Alex Hill, the chief government adviser with the Met Office, told The Scotsman there was no future for skiing in Scotland because climate change would see winters become too warm for regular snowfall.
Environmental groups last night agreed with this claim. However, although members of the ski industry agreed that climate change was having an impact, they said the industry could survive.
But Mr Hill said: "Put it this way: I won't be investing in the skiing industry.
"The amount of snow has been decreasing for the last 40 years, and there's no reason why it's going to stop now."
He added: "Will there be a ski industry in Scotland in 50 years' time? Very unlikely."
Met Office climate predictions, seen by The Scotsman, suggest that, by 2080, the average winter night-time temperature in the Highlands will be 2C, compared with -2C at present.
In Edinburgh the temperature will be 3C, which is warmer than current winter night-time temperatures in London.
Mr Hill explained that the current spell of snowy weather across the UK did not mean the climate was not warming.
"There is a difference between weather and climate," he said.
"It's about separating out what is weather and what is climate, what's happening in the square metre above your head – or even a country the size of Scotland – from the huge climatic changes covering vast areas of ocean and continents.
"Climate change doesn't mean there won't be snowfall. It just means it won't happen as often or with as much of it."
An analysis of the past four decades shows snowy days in the UK are down by a third, and the number of frosty days has declined by 26 per cent, fuelling the suggestion that skiing in Scotland will have a difficult future.
Dr Richard Dixon, director of WWF Scotland, agreed that the ski industry in Scotland would not survive.
"We have been conscious for a while that the ski industry has only a limited future and the industry has been looking at diversifying, with bike centres and activities that don't require there to be snow around," he said.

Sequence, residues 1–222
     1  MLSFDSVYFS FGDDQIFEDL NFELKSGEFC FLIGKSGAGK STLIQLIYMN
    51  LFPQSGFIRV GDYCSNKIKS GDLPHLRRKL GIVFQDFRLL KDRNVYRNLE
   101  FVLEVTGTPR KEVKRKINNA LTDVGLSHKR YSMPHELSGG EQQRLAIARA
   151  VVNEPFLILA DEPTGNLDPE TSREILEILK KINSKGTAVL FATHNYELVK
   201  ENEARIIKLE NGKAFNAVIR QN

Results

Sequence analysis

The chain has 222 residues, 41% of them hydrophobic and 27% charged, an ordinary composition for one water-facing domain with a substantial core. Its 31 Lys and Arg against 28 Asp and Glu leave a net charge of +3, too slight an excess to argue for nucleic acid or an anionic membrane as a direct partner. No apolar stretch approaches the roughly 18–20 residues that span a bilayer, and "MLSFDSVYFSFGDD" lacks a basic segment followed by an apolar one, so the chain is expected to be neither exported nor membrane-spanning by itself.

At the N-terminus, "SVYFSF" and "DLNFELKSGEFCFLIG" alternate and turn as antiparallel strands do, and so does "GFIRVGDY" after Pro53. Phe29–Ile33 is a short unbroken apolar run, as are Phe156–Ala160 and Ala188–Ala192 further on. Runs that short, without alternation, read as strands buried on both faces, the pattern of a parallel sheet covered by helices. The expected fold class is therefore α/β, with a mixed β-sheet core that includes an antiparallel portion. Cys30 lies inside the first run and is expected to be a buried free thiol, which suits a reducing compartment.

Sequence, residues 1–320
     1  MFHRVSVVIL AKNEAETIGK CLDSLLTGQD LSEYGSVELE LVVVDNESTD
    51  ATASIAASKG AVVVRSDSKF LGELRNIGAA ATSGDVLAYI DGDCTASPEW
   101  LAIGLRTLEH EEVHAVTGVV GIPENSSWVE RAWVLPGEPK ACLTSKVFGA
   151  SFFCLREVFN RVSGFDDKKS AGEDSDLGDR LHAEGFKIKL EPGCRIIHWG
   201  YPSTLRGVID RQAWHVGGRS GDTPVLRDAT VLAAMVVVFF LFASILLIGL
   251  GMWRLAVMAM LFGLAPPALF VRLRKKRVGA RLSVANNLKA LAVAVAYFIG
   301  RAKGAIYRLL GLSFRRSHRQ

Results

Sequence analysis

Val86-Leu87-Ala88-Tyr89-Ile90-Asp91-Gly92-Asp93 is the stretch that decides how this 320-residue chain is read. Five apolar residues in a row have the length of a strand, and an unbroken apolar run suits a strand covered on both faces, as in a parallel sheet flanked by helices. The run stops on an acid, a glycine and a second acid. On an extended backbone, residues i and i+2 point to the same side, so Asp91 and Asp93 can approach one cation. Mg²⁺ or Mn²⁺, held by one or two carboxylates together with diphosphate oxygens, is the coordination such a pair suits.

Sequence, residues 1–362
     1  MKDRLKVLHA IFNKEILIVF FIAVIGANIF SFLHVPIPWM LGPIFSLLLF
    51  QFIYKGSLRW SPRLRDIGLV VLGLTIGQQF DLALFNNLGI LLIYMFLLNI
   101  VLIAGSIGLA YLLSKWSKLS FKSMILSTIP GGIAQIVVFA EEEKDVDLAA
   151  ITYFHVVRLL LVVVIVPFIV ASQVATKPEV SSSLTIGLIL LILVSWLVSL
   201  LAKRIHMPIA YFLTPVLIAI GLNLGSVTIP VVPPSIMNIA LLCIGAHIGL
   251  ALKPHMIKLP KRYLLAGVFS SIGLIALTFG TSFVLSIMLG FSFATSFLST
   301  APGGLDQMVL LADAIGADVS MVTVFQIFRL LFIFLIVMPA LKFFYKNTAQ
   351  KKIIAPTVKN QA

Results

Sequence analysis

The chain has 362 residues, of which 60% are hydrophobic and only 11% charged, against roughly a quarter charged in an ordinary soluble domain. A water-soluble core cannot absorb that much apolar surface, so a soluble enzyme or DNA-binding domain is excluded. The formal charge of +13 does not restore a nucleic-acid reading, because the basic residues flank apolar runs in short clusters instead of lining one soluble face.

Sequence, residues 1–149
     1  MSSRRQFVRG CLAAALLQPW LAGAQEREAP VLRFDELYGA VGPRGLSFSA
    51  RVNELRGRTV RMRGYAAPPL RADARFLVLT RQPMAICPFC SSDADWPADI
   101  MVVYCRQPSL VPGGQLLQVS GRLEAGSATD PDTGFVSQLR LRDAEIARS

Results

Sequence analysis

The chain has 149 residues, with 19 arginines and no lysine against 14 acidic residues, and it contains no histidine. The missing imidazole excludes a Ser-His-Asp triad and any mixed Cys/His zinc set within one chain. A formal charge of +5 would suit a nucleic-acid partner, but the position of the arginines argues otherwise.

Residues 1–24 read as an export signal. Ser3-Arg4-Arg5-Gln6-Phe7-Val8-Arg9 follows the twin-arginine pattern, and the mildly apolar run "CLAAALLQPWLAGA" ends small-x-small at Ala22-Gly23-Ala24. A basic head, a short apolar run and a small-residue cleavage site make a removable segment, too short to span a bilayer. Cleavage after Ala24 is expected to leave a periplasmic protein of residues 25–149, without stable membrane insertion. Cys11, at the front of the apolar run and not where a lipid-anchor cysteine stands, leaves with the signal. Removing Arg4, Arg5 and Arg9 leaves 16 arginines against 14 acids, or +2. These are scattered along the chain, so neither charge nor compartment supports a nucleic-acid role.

He explained that climate change was expected to bring larger amounts of precipitation. While the temperatures are cold enough, this will come down as snow, but as the climate warms up it will turn to rain, he said.
And he added: "The ski resorts might do quite well for a few decades before the snow finally disappears.
"It might struggle on and do reasonably well for a few years, certainly over the next decade."
However, after that, Dr Dixon said he would be surprised if there was any commercial ski industry in Scotland.
He added: "If anyone had any money left you wouldn't be putting it in the skiing industry."
Tania Alliod, marketing manager for Cairngorm Mountain ski resort, agreed that the future could be difficult due to climate change.
However, she added: "I think there will still be a ski industry in 50 years' time The snow line might move further up the mountains, but I think there will be snow resorts in Scotland that will still offer skiing."
She said that the the recession was currently working in the industry's favour, with more people thinking twice about whether to go overseas.
In the Cairngorms, there has been an 11 per cent rise in the number of skiers compared with this time last year.
However, even though it has been busy, she said it still did not compare to the 1970s and 1980s, when the area had consistently cold winters and good snow.
And she agreed that climate change was having an impact on conditions, describing this year as a "blip" due to its heavy snowfall and long periods of cold weather. In the long term, she said the industry faced difficult times.
"This is a blip," she said. "Our winters have become far less predictable than they were. We are getting far less favourable conditions.
"So we have to be a very responsive industry these days. However, it mustn't be written off because when it's good in Scotland it's very good."
Summer temperatures are also due to increase, according to climate change models.
Met Office predictions suggest that by 2080 the average summer temperature in the Highlands could be the same as the current average summer temperature in London – about 28C.
That compares with current average summer temperatures in the Highlands of about 23C.
And in Edinburgh summer temperatures are likely to increase from 25C today to 29C in 2080.
Mr Hill said devastating summers similar to that of 2003, when a heatwave killed thousands of people, would be normal by the 2040s and would seem cool by the 2060s.
"By 2080, 2003 will be a cool summer," he said.
"An average summer will be 41 degrees in London, which is like Seville."
He said there needed to be needs to be greater planning for the future.
"In 25 years' time how are we going to keep offices cool? If you think in 25 years' time we (in Scotland] are going to be where London is now, they use as much energy for cooling buildings in the summer as they do for heating them in the winter."
He also said that we should be planning for the potential for new diseases to occur in Scotland, only currently found in tropical countries.
Mr Hill said the best way to tackle climate change was for individuals to cut their own carbon footprint by becoming less consumerist – perhaps by not buying the latest perfume or using the latest razor.
"I am thinking of putting a sign on the back of my head saying, 'be brave, don't shave'," he said.